2. For refrigerator-stored vaccines, do not open the refrigerators to check temperatures during a power outage, as many products will maintain their potency for a few days in the relative cool of a closed refrigerator.
3. For vaccines requiring freezer storage, consider removing them from the freezer after one day (if the power outage continues) and packing them in dry ice. If the vaccines are not cold to the touch, upon removal from the freezer, the vaccine should be discarded.
b.When Power is Restored
1. Record the temperature in the refrigerator or freezer as soon as possible after power is restored and before the temperature has begun to drop again. Continue to record the temperature at periodic intervals until it reaches the temperature range indicated on the product labeling as appropriate for product storage.
2. Record the duration of increased temperature exposure. For example, the temperature of the freezer was 0 degrees Fahrenheit at noon on day 1 when the power failed; 15 degrees Fahrenheit at 6 PM on day 2 when the power was restored; 10 degrees Fahrenheit at 10 PM on day 2; and 0 degrees Fahrenheit at 7 AM on day
3. This information about time/temperature duration can enable calculations to be made by the product manufacturer, in consultation with FDA as necessary, about the continued potency of the involved products.
c.If a Flood is Expected
When a flood is anticipated, storage facilities have taken steps to raise stored products out of range of anticipated flood waters. For example:
1. Elevate biological products stored on warehouse floors off the ground (e.g., on pallets). For those items on shelves, it may be important to securely anchor the shelves to keep products dry.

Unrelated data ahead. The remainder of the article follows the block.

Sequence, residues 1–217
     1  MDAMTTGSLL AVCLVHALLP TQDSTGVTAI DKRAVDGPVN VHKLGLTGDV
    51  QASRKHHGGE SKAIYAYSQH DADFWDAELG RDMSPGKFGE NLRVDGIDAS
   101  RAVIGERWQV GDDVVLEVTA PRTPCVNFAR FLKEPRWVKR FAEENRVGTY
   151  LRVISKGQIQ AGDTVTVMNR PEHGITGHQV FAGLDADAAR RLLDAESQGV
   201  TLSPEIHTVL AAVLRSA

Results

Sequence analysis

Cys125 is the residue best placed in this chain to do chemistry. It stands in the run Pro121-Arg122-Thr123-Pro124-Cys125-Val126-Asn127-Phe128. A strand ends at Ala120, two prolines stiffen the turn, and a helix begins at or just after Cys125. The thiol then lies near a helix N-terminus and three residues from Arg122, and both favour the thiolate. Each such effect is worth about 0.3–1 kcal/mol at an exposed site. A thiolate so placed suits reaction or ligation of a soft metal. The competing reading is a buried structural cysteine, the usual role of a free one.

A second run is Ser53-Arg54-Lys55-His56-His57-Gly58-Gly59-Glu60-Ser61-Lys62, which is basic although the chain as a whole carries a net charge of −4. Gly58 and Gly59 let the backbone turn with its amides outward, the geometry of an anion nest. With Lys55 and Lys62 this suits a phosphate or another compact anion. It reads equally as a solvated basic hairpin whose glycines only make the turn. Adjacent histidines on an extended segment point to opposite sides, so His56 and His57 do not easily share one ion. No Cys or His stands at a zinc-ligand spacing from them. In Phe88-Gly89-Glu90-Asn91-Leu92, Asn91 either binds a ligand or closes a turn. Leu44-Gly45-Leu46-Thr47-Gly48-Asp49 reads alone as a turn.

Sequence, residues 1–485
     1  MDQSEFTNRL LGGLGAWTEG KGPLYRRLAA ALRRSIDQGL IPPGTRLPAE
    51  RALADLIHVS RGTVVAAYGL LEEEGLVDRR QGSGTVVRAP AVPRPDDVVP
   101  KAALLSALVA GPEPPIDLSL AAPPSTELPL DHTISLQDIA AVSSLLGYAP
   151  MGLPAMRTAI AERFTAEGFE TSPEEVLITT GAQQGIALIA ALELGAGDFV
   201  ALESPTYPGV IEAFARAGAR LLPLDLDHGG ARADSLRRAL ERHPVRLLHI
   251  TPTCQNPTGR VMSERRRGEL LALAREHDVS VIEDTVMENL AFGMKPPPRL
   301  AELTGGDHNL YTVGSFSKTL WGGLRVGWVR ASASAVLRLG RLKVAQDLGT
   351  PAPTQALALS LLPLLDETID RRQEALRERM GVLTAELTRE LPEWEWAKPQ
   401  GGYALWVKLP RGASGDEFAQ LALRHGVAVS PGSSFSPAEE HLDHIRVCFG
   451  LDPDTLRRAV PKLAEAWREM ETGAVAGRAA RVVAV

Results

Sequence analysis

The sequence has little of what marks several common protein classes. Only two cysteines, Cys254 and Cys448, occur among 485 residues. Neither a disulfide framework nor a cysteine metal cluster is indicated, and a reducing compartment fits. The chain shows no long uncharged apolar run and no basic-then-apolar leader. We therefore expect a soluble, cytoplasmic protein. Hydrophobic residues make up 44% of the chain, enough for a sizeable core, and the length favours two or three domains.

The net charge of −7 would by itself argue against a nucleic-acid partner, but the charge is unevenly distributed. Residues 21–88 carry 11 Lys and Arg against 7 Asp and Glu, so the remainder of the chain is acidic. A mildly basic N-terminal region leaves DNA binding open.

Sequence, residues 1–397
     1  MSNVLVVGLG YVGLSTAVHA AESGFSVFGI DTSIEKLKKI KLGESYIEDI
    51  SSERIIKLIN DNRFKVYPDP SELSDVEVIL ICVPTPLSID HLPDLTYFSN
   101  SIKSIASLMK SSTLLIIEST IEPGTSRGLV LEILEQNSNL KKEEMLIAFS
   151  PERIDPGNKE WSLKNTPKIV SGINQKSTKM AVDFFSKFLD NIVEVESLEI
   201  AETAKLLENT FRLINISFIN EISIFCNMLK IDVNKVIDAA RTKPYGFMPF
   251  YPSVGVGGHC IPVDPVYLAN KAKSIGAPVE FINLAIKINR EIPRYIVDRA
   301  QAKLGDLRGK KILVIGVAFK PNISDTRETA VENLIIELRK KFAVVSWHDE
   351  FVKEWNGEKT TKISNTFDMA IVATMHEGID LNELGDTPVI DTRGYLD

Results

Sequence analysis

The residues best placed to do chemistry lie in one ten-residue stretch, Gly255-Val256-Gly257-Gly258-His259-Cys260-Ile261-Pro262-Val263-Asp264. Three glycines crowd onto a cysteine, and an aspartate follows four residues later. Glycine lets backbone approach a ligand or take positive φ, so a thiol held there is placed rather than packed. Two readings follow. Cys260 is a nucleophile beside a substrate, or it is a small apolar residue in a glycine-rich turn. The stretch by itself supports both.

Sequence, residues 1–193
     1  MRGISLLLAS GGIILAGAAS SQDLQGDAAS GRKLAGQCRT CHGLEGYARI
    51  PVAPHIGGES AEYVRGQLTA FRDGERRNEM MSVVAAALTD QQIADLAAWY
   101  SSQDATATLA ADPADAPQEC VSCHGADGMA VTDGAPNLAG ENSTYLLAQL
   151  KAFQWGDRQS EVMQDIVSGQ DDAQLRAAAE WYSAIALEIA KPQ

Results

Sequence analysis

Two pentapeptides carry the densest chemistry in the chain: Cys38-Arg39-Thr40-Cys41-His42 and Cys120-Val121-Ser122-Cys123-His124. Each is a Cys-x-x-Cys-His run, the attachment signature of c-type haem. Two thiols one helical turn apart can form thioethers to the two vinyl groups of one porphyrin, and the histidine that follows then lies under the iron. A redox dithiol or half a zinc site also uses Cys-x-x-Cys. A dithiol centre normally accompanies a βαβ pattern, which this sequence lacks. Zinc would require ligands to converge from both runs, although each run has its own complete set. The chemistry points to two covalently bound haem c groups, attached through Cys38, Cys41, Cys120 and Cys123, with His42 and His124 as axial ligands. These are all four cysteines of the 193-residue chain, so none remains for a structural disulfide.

2. For products stored in refrigerators at floor level, elevate refrigerators on wheels or platforms to the extent possible.d.If Flooding Occurs1. Vials containing vaccine exposed to flood waters should be considered contaminated and also likely to have been exposed to temperatures outside of those recommended for cold chain storage, and should be discarded.
II. Other Non-Blood Biologicals Requiring Refrigeration or Frozen StorageThe information above concerning the storage and recording of time/temperature conditions are applicable to other non-blood biologicals requiring refrigeration or frozen storage.
III.Blood Products and Plasma DerivativesBlood banks and plasma centers typically have back up generators and emergency procedures in place for storing products in the event of a power outage.Blood establishments collecting and storing blood and blood components generally have written procedures in place to address emergency circumstances. Problems or issues affecting the blood supply should be brought to the attention of the FDA.
.For health clinics, physician offices or in-home users that may not have emergency back up power, the following may be helpful:
There is some evidence that lyophilized coagulation products such as Factor VIII and Factor IX may be stored at room temperature for a fairly long period of time without loss of factor potency. If you are concerned about the exposure or efficacy of a particular product, please call the supplier or the manufacturers' customer service department.Many immune globulin products are licensed for storage at 36 to 46 degrees Fahrenheit, and some products may be stored at room temperature for all or part of the time before expiration. Because storage temperatures and times are specific to each product, you should follow the package insert recommendations for Immune Globulin Intravenous (IGIV), intramuscular IG (IG), and subcutaneous IG (IGSC) products. Products requiring lower temperatures can be stored on wet ice. All of these products should not be frozen. If you have any questions about the storage of these products, you should consult the package inserts.